( dpa ) - Russia's election committee on Tuesday softened restrictions imposed on Europe's main election-monitoring body in emergency talks held in Moscow to avert a boycott by observers of the March 2 presidential vote.
The Central Election Committee (CEC) offered to allow the Organization for Security and Cooperation in Europe's (OSCE) vote- monitoring arm, the ODIHR, five more observers and lengthen its mission - striking a compromise on two of the organization's main complaints.
"We expect the OSCE mission to start work on February 20," Interfax news agency quoted CEC member Igor Borisov as saying.
The ODIHR sent a letter of complaint to the CEC, saying it could not fufill its mandate if not permitted to start work three weeks before the election. Russia had previously limited campaign monitoring to three days before the vote.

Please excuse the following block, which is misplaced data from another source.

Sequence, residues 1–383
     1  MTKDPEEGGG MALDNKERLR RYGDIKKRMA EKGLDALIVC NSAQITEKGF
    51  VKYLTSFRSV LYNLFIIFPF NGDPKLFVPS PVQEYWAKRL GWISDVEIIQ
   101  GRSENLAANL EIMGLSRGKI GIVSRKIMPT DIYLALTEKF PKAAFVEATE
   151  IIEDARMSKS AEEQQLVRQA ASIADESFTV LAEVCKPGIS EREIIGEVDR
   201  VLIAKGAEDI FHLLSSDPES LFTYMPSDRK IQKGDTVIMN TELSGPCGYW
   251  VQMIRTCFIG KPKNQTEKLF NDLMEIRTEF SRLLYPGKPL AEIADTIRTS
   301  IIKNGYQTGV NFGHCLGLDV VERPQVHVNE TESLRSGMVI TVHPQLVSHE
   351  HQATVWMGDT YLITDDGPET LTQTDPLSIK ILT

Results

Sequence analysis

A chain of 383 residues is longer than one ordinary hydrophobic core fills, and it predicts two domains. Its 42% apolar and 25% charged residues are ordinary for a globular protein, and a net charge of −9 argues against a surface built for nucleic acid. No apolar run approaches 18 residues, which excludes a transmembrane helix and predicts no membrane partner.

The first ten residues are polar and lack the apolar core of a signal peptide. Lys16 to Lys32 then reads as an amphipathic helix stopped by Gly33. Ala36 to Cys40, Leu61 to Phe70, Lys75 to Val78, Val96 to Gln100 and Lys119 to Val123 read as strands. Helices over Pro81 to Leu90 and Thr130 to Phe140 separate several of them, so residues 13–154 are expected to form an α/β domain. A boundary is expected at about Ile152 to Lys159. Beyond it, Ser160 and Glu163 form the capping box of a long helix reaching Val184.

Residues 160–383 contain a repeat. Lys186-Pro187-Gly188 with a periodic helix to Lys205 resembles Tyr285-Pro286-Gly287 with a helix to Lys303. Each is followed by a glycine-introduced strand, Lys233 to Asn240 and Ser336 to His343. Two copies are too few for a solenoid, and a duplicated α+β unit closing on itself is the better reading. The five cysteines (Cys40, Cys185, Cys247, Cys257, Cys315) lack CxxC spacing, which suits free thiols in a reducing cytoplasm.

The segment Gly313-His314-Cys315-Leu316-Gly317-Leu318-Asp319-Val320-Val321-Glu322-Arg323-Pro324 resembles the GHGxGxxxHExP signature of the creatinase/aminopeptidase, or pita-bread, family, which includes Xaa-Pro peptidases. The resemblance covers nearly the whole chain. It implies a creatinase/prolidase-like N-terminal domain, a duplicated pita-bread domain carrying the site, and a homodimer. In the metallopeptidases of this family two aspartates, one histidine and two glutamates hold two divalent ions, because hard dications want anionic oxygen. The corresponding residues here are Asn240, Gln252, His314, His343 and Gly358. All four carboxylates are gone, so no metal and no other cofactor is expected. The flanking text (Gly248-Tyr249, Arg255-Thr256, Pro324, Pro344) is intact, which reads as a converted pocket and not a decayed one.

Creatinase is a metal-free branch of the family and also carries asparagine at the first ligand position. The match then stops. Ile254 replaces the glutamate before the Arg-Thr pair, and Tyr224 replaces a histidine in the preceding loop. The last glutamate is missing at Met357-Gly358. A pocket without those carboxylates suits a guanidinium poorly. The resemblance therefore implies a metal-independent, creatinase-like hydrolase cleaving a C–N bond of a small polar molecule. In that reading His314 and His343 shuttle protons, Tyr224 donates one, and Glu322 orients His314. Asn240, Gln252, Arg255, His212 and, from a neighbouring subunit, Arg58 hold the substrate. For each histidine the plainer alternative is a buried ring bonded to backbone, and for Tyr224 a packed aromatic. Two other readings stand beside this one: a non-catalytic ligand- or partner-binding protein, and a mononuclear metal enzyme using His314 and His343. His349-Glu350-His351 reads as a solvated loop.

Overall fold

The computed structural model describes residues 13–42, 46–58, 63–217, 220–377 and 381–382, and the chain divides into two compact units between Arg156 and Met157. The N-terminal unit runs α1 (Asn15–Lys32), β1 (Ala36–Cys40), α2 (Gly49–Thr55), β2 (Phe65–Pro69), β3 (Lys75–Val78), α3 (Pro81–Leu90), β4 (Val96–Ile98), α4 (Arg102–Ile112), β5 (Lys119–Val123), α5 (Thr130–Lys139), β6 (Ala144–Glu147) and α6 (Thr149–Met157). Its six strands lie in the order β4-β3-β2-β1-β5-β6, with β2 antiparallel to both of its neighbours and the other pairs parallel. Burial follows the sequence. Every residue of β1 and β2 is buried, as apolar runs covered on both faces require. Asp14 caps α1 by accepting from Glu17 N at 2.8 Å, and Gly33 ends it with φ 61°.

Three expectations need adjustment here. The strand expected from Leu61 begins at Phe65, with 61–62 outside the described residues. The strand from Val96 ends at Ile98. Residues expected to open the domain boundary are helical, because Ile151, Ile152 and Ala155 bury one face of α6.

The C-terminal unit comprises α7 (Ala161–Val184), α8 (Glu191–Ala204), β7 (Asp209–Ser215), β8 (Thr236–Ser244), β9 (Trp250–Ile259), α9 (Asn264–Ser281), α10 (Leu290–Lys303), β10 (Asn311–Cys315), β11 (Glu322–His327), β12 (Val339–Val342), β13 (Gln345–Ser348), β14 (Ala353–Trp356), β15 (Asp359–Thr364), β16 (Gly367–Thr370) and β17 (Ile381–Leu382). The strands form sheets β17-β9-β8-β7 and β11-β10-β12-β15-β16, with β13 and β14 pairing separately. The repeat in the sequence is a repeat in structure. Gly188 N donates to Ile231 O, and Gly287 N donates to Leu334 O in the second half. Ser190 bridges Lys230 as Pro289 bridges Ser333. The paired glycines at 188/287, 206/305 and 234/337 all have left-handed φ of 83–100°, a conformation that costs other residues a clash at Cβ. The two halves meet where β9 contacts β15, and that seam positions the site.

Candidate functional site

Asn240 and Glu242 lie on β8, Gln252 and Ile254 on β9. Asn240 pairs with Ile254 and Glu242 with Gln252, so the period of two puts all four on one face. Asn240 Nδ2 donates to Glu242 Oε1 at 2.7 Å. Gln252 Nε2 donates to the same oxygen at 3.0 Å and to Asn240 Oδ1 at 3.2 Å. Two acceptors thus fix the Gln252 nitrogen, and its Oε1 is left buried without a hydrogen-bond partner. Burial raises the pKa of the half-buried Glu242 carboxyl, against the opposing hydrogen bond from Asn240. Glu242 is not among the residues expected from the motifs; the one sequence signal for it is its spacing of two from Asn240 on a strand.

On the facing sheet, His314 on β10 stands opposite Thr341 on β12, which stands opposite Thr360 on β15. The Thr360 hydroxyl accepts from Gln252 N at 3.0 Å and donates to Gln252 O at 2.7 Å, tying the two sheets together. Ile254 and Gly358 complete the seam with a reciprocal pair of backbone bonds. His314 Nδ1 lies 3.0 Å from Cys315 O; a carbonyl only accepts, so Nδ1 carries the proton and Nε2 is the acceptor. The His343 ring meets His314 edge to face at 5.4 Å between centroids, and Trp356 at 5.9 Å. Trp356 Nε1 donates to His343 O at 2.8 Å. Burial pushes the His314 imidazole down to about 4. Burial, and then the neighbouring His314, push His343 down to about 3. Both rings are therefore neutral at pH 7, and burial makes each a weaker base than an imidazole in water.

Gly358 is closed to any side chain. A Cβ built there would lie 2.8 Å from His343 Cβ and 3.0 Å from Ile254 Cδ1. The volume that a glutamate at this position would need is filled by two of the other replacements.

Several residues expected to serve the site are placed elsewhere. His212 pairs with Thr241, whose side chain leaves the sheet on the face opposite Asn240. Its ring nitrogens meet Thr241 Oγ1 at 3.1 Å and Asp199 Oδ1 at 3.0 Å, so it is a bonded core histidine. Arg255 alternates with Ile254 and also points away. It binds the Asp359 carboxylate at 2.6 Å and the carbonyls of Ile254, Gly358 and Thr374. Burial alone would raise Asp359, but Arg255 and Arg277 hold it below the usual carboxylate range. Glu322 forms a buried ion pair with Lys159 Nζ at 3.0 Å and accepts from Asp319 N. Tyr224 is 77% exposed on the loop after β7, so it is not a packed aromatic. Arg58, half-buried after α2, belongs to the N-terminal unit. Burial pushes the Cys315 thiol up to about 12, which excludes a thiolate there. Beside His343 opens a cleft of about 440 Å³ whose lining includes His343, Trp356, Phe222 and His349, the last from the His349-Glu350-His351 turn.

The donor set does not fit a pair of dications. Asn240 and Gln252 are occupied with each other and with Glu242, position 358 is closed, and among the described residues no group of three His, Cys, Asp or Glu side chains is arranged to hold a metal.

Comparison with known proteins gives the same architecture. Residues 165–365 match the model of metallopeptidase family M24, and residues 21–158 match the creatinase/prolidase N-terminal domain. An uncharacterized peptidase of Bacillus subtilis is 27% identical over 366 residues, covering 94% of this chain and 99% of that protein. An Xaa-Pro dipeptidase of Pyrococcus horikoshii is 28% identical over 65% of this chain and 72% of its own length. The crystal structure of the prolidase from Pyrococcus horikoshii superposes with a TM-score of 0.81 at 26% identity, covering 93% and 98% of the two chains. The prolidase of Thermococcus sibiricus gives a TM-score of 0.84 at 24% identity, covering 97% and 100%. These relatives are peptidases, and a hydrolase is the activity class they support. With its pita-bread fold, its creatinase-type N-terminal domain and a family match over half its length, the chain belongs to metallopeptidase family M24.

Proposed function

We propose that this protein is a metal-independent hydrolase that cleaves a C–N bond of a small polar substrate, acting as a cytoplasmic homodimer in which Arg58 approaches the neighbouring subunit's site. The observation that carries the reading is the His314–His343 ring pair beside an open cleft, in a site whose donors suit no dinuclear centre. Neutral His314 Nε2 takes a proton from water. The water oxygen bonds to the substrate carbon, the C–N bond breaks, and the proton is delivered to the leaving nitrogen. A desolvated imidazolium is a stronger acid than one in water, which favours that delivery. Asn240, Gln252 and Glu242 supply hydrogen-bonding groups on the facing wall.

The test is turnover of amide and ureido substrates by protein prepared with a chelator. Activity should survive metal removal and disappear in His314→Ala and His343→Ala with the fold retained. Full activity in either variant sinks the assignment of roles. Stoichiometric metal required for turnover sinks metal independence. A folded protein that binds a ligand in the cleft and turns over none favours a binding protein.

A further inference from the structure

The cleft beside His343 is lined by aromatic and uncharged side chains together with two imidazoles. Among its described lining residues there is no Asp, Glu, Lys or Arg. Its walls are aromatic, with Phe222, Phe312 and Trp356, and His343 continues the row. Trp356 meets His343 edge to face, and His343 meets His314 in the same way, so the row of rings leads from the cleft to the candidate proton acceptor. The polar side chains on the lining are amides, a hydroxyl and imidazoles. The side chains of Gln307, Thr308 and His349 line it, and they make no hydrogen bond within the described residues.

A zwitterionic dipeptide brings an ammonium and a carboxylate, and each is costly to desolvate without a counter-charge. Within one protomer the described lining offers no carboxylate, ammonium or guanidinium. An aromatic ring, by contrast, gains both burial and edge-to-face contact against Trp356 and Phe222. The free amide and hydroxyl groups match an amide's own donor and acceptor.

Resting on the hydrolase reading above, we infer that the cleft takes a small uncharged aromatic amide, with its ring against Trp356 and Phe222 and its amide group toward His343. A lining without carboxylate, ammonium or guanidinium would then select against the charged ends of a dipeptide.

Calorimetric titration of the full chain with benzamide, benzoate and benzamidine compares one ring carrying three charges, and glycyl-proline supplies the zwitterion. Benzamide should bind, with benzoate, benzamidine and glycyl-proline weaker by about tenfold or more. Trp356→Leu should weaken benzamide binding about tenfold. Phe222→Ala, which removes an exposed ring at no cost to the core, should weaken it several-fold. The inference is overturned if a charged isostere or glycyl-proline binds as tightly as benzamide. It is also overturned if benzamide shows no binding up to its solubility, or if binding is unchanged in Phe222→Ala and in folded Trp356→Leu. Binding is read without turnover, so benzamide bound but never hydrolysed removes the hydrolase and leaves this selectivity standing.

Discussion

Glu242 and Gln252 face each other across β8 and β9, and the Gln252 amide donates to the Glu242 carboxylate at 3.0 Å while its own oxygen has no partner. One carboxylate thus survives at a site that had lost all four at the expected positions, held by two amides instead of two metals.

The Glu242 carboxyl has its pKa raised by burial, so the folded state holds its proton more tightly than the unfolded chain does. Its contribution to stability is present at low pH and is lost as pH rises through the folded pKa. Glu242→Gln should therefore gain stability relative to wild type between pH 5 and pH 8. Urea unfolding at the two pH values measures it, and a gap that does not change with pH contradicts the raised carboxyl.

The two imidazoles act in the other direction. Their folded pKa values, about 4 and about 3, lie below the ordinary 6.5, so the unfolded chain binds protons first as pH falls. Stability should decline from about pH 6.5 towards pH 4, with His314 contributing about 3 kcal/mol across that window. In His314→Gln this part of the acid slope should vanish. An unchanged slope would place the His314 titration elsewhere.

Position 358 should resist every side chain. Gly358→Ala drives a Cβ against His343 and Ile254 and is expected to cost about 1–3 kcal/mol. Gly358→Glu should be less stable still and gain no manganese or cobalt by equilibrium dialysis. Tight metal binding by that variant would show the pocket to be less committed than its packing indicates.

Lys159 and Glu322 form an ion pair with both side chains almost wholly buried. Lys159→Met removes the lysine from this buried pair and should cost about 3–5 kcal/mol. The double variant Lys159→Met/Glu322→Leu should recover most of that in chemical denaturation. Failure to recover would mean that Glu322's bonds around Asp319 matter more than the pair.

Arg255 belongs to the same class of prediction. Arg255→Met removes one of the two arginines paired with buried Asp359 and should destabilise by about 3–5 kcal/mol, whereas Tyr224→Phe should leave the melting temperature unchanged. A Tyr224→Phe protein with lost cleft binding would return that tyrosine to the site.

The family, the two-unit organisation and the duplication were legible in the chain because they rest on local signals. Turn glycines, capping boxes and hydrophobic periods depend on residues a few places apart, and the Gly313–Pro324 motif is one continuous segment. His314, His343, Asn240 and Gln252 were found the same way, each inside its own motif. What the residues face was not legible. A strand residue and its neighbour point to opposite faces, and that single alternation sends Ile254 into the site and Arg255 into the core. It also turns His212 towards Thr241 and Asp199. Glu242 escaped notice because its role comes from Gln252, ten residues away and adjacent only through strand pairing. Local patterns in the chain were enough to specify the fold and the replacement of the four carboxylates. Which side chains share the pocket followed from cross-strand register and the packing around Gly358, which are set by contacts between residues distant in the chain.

Amid scandal, the ODIHR withdrew from monitoring the December 2 parliamentary elections, decrying Russia's decision to limit its purview to 70 observers and delays in issuing visa invitations.
ODIHR spokesman Curtis Budden said an answer to the CEC's compromise proposal would be made public later on Tuesday.
Russia's offer marks a change in the tough words being slung at the watchdog body in the past week.
Russia had accused the Warsaw-based organization of trying to sabotage the elections and of being a pawn of the United States.
Russia, which is a signatory to the OSCE, maintains that it is complying with its obligations and accuses the watchdog of selective application of vote-monitoring conventions.